Until now.  Certainly the reigning champ of satire for at least a decade has been South Park, and now the geek contingent has a new paragon of worshipful TV meta-analysis.  It’s Community.

I’ve watched on and off for all three seasons, but it was only in the second half of this last season that I started watching faithfully.

If you haven’t seen the two paintball-themed, spaghetti Western parody episodes that closed season two (“A Fistful of Paintballs,” “For a Few Paintballs More”), you’re missing some of the funniest TV ever made.

But they just got snubbed in the Emmy nominations for the third year in a row.

Here’s  a great bit from the credits of the second episode they aired.

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Does Teaching Make Us Dumber?

While student teaching during college, an older veteran complained to me about something I’ve wondered about ever since.  She said that years of teaching basic, remedial English had atrophied her own higher thinking skills.  Bitterly, she said that she could no longer remember how to analyze things like she could in college, because she hadn’t had to use any mental ability more complex than explaining simple grammar in decades.

That scared me.  But it’s wrong.

It may have been true in her case, but it’s a choice she made.  Why didn’t she read more, or exercise her mind in other ways?

“Because teaching takes too much time!” might be implied.

But that’s a choice, too.   (more…)

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As an English teacher, I sometimes show black and white movies in class, which almost always elicits groans and complaints from most of the students.  Something I usually tell them is to notice how well black and white can create sharp contrasts and evocative atmospheres in settings, far more so than color can.

I like to use the first few minutes of Citizen Kane as an example of this–try imagining those exterior shots in color.  It would lose all of its intimidating power.

 

This summer I’ve seen David Lean’s 1948 version of Oliver Twist, and it makes the same point.  Those first few minutes out on the stormy moors wouldn’t be half so gloomy if they were in some glossy, digital HD rainbow.

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I just got home from seeing a marathon of Christopher Nolan’s Dark Knight films, including the new one, and I have to work out some thoughts.  I kept this spoiler free, but most of these ideas will make more sense after you’ve seen it, which (spoiler alert?) I strongly recommend you do.

  • The biggest question, of course, is how good is it?  Does The Dark Knight Rises live up to the other films, especially the second?  Certainly it’s an excellent work, and I’ll be honest that my preference is for the new film (even though I eventually loved The Dark Knight), but I’m fairly confident that most people will say that they thought The Dark Knight was even better.  Most fans of the series will still opt for its darker, more complex vision.  Fair enough.
  • But consider that they are very different movies.  TDK was a dense, episodic thriller.  In fact, watching it again during tonight’s marathon, I was struck by just how much ground Nolan covered.  TDKR, however, is a more linear narrative, with a single focus, albeit one that constantly crescendos to an emotionally explosive climax.  Where TDK packed in as much of everything as possible, TDKR actually goes out of its way to strip down the distractions of excessive characters and subplots so it can develop its primary interests as much as possible.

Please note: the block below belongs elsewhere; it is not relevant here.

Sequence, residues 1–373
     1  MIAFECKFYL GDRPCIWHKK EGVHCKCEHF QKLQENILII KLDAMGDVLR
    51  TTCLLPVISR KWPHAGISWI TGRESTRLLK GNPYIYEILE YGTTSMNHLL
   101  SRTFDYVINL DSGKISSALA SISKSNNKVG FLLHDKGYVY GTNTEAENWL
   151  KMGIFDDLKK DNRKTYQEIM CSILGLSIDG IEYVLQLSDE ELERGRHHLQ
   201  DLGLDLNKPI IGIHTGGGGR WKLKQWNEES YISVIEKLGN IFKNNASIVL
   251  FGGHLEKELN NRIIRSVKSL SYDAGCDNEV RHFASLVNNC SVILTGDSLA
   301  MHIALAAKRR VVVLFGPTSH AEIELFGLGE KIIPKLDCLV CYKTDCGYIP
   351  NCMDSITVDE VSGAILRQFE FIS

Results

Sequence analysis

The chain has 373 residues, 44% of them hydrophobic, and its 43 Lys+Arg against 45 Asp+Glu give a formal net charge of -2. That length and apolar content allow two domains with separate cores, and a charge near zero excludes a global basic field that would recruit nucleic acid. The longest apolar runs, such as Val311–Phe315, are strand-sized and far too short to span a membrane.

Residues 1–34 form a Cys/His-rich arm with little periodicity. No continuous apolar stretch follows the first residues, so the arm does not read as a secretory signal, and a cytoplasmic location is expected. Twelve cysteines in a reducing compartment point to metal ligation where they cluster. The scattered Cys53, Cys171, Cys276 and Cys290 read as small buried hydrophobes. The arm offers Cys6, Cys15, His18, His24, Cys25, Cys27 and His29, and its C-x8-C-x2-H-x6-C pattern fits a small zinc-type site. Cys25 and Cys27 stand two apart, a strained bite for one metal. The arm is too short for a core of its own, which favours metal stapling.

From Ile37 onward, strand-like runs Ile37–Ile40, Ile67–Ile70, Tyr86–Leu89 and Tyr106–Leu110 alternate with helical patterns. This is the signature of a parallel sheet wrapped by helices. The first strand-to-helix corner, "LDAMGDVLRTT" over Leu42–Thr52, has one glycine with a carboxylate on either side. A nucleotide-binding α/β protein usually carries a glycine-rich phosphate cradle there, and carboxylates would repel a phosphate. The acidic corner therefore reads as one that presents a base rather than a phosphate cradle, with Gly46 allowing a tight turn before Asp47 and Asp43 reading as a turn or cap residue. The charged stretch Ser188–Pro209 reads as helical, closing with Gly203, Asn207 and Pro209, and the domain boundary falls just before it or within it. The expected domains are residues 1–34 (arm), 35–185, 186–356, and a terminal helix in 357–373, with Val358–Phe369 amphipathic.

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I had to see what the fuss was all about, so today while the family and I were at Costco, I picked up one of their several hundred copies of 50 Shades of Grey, opened to the middle, and read three pages (the end of chapter 18 and the beginning of chapter 19).

Wow.  Everything I’ve heard about it seemed confirmed in just those three pages: an insecure, immature female narrator finds her security in submitting to a powerful man whose own stability is less than healthy.

So basically, it’s Twilight, except that the writing here is absolutely execrable.  I know we all make fun of Twilight, but Stephanie Meyer’s writing really isn’t awful, just servicable–it’s a plain, dull instrument, but at least it’s competent.

But E.L. James’s writing is so bad it’s scary.  I haven’t seen supposedly professional writing this bad since Eragon.  I read plenty of labored narration and stilted dialogue in just those three pages (“Holy cow!  I’m going to meet his parents!” sticks out in my memory right now), as well as botched metaphors and hilariously juvenile descriptions of sex.

It’s so wretched that I have to wonder if it’s on purpose.  Here’s my theory: 50 Shades of Grey was actually written by a group of misogynistic 12-year-old boys.  These jerks have a twisted plan: they want millions of women to fall in love with this stuff, identify with it, and publicly proclaim allegiance to it (a blockbuster movie is in the works).

Once stage one of the plot is complete, the boys will reveal their scheme to the world.  They wrote the book to embarrass women everywhere.  They want to confirm every pitiful anti-woman stereotype out there.  Fans of the book will be exposed as emotionally damaged, and women’s public image will be set back half a century.

So far, their plan is coming off without a hitch.

Be suspicious, ladies.  Be very suspicious.  I smell a trap.

 

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July